The shooting happened near the intersection of 11th and Q streets NW just before 2:30 a.m., according to authorities.
“The Third District is currently on the scene of a double shooting near the skate park at 11th and Q Streets NW,” MPD Commander Stuart Emerman wrote to in an email to a police listserv early this morning. “2 adult males have been transported to area hospitals for treatment. ”
Police posted more information about the shooting on Twitter shortly after it occurred:
Alert: SHOOTING at 0227hrs in the 1100 block of Q St., NW. Lookout for (2) B/M's wearing all black, ski masks, and armed with handguns//6802
— DC Police Department (@DCPoliceDept) July 25, 2016
Police closed the 1600 block of 11th St. NW in both directions for hours to investigate the crime. The area was reopened to traffic around 6:45 a.m.
I haven’t picked a New Year’s resolution yet. Not because I’m so perfect, obviously, but because I haven’t found one that’s the right combination of virtuous and achievable, yet is also fun. For people in the same boat, I decided to come up with a list of five resolutions that are good for you and good for your neighborhood:
1. Go to a neighborhood meeting.
My first neighborhood meeting was an eye-opener — it made me realize how little I knew the goings-on in my small section of DC. If it’s been a while since you’ve been to one, check out the associations for U Street, LeDroit Park, Logan and Dupont. Don’t forget your Advisory Neighborhood Commission (ANC – find yours here) and your local Police Service Area (PSA – find yours here). No need to go nuts, but resolve to check out at least one or two this year, and impress your friends with all your insider knowledge. Also, check out these two Borderstan articles on ANCs: What Exactly Do ANCs Do? and ANCs Part 2: What Do Commissioners Do?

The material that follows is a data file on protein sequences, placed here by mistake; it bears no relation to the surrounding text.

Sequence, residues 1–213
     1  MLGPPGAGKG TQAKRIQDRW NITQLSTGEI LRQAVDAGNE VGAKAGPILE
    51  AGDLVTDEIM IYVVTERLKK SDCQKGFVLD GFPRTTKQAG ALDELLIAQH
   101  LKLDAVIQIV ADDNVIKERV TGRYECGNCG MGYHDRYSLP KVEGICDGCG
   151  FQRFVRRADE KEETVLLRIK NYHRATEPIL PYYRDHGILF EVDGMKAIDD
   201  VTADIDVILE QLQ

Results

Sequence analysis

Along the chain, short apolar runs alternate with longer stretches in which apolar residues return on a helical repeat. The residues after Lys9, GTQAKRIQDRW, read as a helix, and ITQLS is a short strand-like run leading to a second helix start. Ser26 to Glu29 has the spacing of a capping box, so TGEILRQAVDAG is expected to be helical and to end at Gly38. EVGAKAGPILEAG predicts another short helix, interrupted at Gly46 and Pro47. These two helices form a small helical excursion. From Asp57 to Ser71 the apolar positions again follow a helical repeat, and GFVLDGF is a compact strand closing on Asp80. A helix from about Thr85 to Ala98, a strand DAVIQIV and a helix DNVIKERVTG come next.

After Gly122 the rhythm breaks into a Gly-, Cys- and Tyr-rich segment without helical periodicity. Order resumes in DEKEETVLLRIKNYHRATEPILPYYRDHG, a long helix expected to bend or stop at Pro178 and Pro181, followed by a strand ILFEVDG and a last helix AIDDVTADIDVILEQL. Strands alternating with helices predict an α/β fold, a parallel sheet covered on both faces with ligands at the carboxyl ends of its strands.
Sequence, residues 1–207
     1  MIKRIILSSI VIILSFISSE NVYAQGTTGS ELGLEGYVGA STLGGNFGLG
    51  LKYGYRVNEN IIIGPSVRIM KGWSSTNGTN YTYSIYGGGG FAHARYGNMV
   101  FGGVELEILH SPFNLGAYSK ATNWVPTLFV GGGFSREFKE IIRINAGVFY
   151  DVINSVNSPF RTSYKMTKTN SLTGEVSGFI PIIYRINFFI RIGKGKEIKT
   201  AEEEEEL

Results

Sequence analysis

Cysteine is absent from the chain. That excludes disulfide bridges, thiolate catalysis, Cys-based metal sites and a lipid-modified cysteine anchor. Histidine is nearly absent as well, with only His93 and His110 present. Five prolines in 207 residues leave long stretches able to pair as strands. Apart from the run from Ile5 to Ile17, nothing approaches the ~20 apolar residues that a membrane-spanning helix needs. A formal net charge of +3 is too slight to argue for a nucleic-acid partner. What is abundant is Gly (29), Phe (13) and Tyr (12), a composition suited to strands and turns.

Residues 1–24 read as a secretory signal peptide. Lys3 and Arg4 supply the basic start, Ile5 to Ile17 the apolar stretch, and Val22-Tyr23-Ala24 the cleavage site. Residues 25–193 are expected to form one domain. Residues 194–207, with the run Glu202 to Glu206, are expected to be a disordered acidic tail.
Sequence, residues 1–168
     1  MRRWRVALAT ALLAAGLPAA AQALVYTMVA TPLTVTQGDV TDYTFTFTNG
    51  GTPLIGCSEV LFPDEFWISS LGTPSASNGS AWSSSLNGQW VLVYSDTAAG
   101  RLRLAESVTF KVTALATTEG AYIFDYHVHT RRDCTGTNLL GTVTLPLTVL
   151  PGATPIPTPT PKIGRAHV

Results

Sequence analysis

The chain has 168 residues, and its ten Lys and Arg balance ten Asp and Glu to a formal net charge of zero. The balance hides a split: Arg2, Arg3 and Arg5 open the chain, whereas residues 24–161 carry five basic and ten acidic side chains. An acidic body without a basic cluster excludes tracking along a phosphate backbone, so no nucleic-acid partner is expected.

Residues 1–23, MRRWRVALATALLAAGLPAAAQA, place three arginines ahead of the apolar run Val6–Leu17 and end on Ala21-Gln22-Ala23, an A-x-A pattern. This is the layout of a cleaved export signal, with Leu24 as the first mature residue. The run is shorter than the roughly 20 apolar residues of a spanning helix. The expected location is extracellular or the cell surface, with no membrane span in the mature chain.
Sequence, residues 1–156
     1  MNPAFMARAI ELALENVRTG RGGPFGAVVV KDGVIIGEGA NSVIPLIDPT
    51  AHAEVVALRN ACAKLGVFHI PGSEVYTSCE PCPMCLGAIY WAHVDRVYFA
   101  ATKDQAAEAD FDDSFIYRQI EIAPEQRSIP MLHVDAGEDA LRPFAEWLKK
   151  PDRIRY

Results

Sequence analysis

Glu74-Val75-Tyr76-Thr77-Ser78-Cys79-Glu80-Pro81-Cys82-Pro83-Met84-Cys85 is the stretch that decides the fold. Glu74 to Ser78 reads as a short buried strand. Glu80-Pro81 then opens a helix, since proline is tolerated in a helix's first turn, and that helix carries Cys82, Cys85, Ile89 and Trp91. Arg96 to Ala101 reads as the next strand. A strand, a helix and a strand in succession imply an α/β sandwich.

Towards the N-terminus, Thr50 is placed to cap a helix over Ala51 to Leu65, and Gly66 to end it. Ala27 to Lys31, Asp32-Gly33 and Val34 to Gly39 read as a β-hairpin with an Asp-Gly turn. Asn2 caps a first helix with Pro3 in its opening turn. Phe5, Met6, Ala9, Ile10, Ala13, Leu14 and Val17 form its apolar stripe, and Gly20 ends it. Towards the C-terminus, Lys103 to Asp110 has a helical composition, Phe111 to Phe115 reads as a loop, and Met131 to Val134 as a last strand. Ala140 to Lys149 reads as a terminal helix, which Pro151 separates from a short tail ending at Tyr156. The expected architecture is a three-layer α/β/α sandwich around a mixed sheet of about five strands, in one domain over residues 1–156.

2. Try a new restaurant.
It’s easy to get stuck in a restaurant “rut” when your local options include places like Cork, ChurchKey and Estadio. Why branch out? Because we’ve got a ton of new restaurants coming. Two of those restaurants, Boqueria and Herringbone, made Washingtonian’s list of “10 to Look Forward To.” This should be an easy resolution to keep. Remember to keep an eye out for reviews from Borderstan’s team of food writers — get an RSS feed for our Food & Drink section.
3. Move your money.
Do you know what Citibank, Wells Fargo or Bank of America do with the money you deposit? Me neither. By moving your money to a local bank or credit union, you can ensure that your money goes towards investments in local development and small business loans. Banks such as City First Bank of DC may not offer all the online perks of the big players, but many still offer free checking and no ATM fees, along with a sense of doing more for your neighborhood. Find out more information, and a list of local banks near you, at the Move Your Money project.
4. Use the other side of your brain.